Buzzing on Yahoo Sports:

Ball Don't Lie

Mark Cuban will shill for Skechers during the Super Bowl

Eric Freeman
Ball Don't Lie

View photo

.

Mark Cuban (Jon Kopaloff/FilmMagic)

Dallas Mavericks owner Mark Cuban has a reputation as the bad boy of NBA front offices, but he's actually of perfectly advanced age at 53 years old. That puts him several years older than Cavaliers boss Dan Gilbert and Nets czar Mikhail Prokhorov. In reality, Cuban sits near the doughy middle of the NBA owner age range. Which, incidentally, is what most people around his age begin to get in the midsection.

Cuban, to his credit, has always seemed to be in relatively good shape. Apparently, he plans to give credit where it's due with a Super Bowl ad for Skechers' fitness footwear. From Matt Townsend for Bloomberg.com (story via TBJ):

Billionaire Mark Cuban, who will be featured in an advertisement for Skechers USA Inc. (SKX) shoes during the Super Bowl, said he isn't an investor in the company.

"I just really like mid-foot strike technology and Skechers is the best," Cuban said today in an e-mail. "I have been wearing their shoes since they came out 3 or 4 years ago." [...]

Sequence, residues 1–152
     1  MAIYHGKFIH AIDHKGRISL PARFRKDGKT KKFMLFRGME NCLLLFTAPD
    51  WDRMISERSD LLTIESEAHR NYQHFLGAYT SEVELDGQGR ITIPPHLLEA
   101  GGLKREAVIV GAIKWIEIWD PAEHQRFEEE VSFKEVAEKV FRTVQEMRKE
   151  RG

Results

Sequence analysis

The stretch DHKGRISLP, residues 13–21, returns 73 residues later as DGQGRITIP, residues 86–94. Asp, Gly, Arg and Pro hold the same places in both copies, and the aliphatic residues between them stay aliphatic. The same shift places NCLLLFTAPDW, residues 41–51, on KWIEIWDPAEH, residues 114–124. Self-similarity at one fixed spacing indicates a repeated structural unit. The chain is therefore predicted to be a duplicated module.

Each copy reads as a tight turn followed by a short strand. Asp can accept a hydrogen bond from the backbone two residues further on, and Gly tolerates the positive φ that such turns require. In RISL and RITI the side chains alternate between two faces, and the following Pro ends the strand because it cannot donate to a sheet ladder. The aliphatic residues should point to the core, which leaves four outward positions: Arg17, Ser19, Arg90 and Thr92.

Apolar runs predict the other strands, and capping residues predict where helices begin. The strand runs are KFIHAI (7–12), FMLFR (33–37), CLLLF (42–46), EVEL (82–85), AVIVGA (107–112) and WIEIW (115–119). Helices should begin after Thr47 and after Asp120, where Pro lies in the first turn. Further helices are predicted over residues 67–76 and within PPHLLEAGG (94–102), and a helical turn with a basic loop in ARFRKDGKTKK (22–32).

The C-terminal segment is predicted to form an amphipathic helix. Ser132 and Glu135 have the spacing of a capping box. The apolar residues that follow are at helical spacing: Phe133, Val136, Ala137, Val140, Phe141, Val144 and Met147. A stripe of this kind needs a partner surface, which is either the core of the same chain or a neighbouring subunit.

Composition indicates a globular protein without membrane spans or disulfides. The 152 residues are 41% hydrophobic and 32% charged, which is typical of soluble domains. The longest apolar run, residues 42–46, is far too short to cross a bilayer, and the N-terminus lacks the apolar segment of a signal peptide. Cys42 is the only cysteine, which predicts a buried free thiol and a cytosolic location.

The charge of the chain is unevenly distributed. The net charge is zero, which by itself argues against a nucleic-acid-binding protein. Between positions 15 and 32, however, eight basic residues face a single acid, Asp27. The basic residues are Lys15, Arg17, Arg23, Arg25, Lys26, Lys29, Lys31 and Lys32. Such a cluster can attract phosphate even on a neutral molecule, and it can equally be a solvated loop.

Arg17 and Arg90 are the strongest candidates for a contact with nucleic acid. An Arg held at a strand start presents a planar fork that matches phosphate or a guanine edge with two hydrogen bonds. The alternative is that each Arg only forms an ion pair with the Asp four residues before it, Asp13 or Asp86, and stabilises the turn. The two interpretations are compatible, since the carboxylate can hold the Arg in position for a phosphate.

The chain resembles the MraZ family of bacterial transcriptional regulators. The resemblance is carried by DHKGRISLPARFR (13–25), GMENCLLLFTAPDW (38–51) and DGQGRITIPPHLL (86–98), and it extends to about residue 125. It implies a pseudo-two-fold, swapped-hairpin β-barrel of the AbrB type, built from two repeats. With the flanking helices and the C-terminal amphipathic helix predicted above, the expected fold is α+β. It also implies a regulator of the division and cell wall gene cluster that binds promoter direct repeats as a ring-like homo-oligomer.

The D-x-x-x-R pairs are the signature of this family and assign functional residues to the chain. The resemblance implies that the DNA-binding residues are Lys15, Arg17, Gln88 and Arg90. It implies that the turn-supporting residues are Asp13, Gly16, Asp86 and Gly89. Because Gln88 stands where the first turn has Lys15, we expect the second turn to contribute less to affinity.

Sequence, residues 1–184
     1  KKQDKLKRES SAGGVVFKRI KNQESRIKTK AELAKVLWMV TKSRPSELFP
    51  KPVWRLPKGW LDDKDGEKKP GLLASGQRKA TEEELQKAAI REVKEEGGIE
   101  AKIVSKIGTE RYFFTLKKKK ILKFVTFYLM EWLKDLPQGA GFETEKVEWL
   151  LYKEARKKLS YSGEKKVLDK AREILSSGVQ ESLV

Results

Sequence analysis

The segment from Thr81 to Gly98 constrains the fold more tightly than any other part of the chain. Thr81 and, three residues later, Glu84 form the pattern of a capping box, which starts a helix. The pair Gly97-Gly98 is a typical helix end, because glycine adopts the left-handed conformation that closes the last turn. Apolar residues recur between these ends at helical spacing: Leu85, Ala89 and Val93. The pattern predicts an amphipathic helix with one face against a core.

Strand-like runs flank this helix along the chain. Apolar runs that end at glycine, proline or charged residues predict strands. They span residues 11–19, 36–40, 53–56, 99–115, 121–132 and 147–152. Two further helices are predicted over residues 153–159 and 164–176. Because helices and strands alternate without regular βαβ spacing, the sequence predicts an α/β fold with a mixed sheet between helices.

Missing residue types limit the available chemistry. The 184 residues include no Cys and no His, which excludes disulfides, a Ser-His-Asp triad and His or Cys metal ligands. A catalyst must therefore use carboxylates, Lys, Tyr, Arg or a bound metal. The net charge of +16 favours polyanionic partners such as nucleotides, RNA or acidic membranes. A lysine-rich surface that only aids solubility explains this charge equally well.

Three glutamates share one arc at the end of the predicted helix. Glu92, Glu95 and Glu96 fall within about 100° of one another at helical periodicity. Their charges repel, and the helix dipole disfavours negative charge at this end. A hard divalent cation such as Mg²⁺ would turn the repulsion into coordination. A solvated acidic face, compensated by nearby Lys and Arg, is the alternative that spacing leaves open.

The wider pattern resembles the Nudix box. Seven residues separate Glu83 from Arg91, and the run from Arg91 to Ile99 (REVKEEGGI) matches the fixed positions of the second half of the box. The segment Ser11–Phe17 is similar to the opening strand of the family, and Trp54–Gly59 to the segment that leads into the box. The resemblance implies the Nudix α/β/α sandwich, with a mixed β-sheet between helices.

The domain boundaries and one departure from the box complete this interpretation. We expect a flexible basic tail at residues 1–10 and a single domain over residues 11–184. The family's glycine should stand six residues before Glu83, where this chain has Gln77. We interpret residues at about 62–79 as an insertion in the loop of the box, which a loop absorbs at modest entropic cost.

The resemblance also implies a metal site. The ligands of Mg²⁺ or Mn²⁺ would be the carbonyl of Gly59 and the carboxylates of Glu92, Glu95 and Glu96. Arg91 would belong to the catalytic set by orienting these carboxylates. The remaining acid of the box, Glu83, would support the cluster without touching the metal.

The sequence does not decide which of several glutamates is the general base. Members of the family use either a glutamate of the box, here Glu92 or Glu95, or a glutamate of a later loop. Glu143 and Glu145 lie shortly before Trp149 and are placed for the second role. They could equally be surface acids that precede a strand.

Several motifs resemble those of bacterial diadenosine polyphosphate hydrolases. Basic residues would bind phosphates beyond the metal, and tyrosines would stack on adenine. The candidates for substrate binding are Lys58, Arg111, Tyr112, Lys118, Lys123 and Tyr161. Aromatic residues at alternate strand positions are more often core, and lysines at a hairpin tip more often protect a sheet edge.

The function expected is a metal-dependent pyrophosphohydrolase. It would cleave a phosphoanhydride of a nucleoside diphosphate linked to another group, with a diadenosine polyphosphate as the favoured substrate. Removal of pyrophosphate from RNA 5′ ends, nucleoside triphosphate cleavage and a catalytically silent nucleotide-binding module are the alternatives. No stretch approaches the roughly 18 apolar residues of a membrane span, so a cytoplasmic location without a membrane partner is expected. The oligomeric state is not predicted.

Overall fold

The Super Bowl ad highlighting Skechers' GOrun shoe will be part of a campaign that also includes Cuban in print and online marketing, the company said. Skechers has been working to increase its appeal as an athletic brand with endorsement deals with former professional sports stars such as Joe Montana and Kareem Abdul-Jabbar.

You might think that Cuban doth protest too much, but he's probably the only celebrity who could say "I just really like mid-foot strike technology" and not have it come across as a line some executive gave him to sound like a scientist. Cuban's a nerd like few others, and it's likely he only bought these shoes — if he did at all — after careful research into the technology.

More than that, he's more in line with Skechers' ideal fan base for these shoes than more fetching spokespeople like Kim Kardashian and Brooke Burke. That's true not just in age or looks, but in the sense that Cuban projects an everyman appeal despite being worth billions of dollars. His Skechers spots will be based on self-improvement, not some wildly aspirational belief that shoes that moderately help the core can help a man bed the former host of E!'s "Wild On."

To think of it another way, Cuban will be part of a campaign that turns men into the best version of themselves. Which, incidentally, is what the Mavericks became last spring. It's a perfect fit!

View Comments (6)